After living in the US for many years and taking time out to travel to 35 countries, Jari and Jasper Esterhuizen had little doubt left that settling in South Africa was the natural next step. The couple has since completed a few ambitious renovation projects, the most recent of which is the revamp of a semidetached house in Claremont, Cape Town.
The couple’s passion for transforming homes has led them to take advantage of the property market’s newfound understanding of the value of home staging. Forming their company The J Factor Development Restoration Design, Jari and Jasper have combined their experience in real estate and interior design to incorporate every stage of a transformation into their business model: They buy the house, do the extensive renovations, then move in and add the finishing touches that make a home feel loved and lived-in.
“We tend to gravitate towards older houses,” says Jasper. “They have the charm, the wooden floors, the high ceilings.” Those features were present when they bought the house, but it took some imagination to make them look their best. Built in the 1930s, the house had undergone some heavy remodelling in the 1970s that had even changed its layout: Jari tells the story of how they were surprised to find doors that had been plastered over where they’d expected to find original brick wall.
“Nothing made sense,” Jari says. There was a support column in the middle of the kitchen, and a bathroom that led, in a less-than-appetising touch, off the same area. But discovering and figuring things out as they went along were part of the fun. “The house was very dark,” Jasper says. “The wooden floors were here, but they were red. We wanted to bring the original character of the house back, but also bring it into the 21st century: make it a bit more modern, more open.”
What was once a patch of weeds is now a charming outdoor dining area. In an example of preparing for the worst while hoping for the best, Jasper and Jari made the water-wise decision during a time of drought in the Cape to lay artificial grass, but ensured the dining area was entirely covered so it’ll be a prime spot to enjoy dinner even in case of a downpour.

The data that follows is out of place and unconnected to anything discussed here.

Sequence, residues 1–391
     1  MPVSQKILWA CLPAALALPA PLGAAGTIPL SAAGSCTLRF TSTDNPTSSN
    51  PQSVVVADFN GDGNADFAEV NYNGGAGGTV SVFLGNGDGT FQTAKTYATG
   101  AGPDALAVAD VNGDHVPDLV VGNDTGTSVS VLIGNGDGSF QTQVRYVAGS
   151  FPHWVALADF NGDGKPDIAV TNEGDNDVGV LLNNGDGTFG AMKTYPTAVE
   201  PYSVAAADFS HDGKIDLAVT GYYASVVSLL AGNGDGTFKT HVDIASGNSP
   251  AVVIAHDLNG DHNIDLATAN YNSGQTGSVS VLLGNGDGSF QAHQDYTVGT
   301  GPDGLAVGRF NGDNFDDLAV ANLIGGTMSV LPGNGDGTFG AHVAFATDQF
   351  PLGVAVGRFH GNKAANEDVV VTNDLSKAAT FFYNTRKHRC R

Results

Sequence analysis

In an industry like theirs, getting started in a new country with virtually no contacts is a daunting prospect that might deter most. But not Jasper and Jari. “Our passion has always been, wherever we go, to source things in out-of-the-way places,” Jasper says. “It was a natural process: We were new anyway, and wanted to familiarise ourselves with it.” Pieces found at markets and antique shops are put on display, or, in the case of the screws dating back to the 1920s that have been installed as towel hooks, made part of the fibre of the house. They go even further in reclaiming and reusing material – Jari says whenever they remove kitchen and bathroom fittings in a house they’re renovating, they try to find them new homes rather than see them discarded.
For custom pieces that they design, working with local artisans and vendors to bring their creative vision to life is a highlight for both of them. The couple have found craftspeople to expertly assist with even the most niche of needs, from wire light fittings in the bedroom to new burglar bars repurposed from the obtrusive fittings that were on the windows when they moved in.
Their dream project? Renovating a ruin in Greece. In the interim, they’ve got plenty of plans in mind: a piece of land that they bought in the Karoo, for instance, is calling out for a home built from the ground up. Wherever the next adventure takes them, Jasper and Jari are certain to make a home of any house… or apartment, or castle.